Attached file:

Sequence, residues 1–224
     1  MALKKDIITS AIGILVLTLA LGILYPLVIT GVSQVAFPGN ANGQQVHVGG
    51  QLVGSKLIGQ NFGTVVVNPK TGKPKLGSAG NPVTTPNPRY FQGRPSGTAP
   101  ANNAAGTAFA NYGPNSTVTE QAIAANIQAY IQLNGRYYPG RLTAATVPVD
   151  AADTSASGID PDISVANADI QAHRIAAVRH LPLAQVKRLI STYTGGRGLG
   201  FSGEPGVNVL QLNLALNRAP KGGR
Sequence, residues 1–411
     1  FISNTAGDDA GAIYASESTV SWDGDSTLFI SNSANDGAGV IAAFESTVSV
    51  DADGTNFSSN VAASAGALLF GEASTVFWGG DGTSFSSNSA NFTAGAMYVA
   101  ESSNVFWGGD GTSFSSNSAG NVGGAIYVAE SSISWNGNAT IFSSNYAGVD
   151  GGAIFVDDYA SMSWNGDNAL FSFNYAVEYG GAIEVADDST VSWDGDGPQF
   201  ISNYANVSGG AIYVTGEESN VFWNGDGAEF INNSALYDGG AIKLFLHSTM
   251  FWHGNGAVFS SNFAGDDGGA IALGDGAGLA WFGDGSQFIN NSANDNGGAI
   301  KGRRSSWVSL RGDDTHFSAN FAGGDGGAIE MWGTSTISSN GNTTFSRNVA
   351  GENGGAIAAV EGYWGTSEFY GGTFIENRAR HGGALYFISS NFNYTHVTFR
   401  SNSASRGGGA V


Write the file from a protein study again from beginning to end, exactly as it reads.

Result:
Sequence, residues 1–224
     1  MALKKDIITS AIGILVLTLA LGILYPLVIT GVSQVAFPGN ANGQQVHVGG
    51  QLVGSKLIGQ NFGTVVVNPK TGKPKLGSAG NPVTTPNPRY FQGRPSGTAP
   101  ANNAAGTAFA NYGPNSTVTE QAIAANIQAY IQLNGRYYPG RLTAATVPVD
   151  AADTSASGID PDISVANADI QAHRIAAVRH LPLAQVKRLI STYTGGRGLG
   201  FSGEPGVNVL QLNLALNRAP KGGR
Sequence, residues 1–411
     1  FISNTAGDDA GAIYASESTV SWDGDSTLFI SNSANDGAGV IAAFESTVSV
    51  DADGTNFSSN VAASAGALLF GEASTVFWGG DGTSFSSNSA NFTAGAMYVA
   101  ESSNVFWGGD GTSFSSNSAG NVGGAIYVAE SSISWNGNAT IFSSNYAGVD
   151  GGAIFVDDYA SMSWNGDNAL FSFNYAVEYG GAIEVADDST VSWDGDGPQF
   201  ISNYANVSGG AIYVTGEESN VFWNGDGAEF INNSALYDGG AIKLFLHSTM
   251  FWHGNGAVFS SNFAGDDGGA IALGDGAGLA WFGDGSQFIN NSANDNGGAI
   301  KGRRSSWVSL RGDDTHFSAN FAGGDGGAIE MWGTSTISSN GNTTFSRNVA
   351  GENGGAIAAV EGYWGTSEFY GGTFIENRAR HGGALYFISS NFNYTHVTFR
   401  SNSASRGGGA V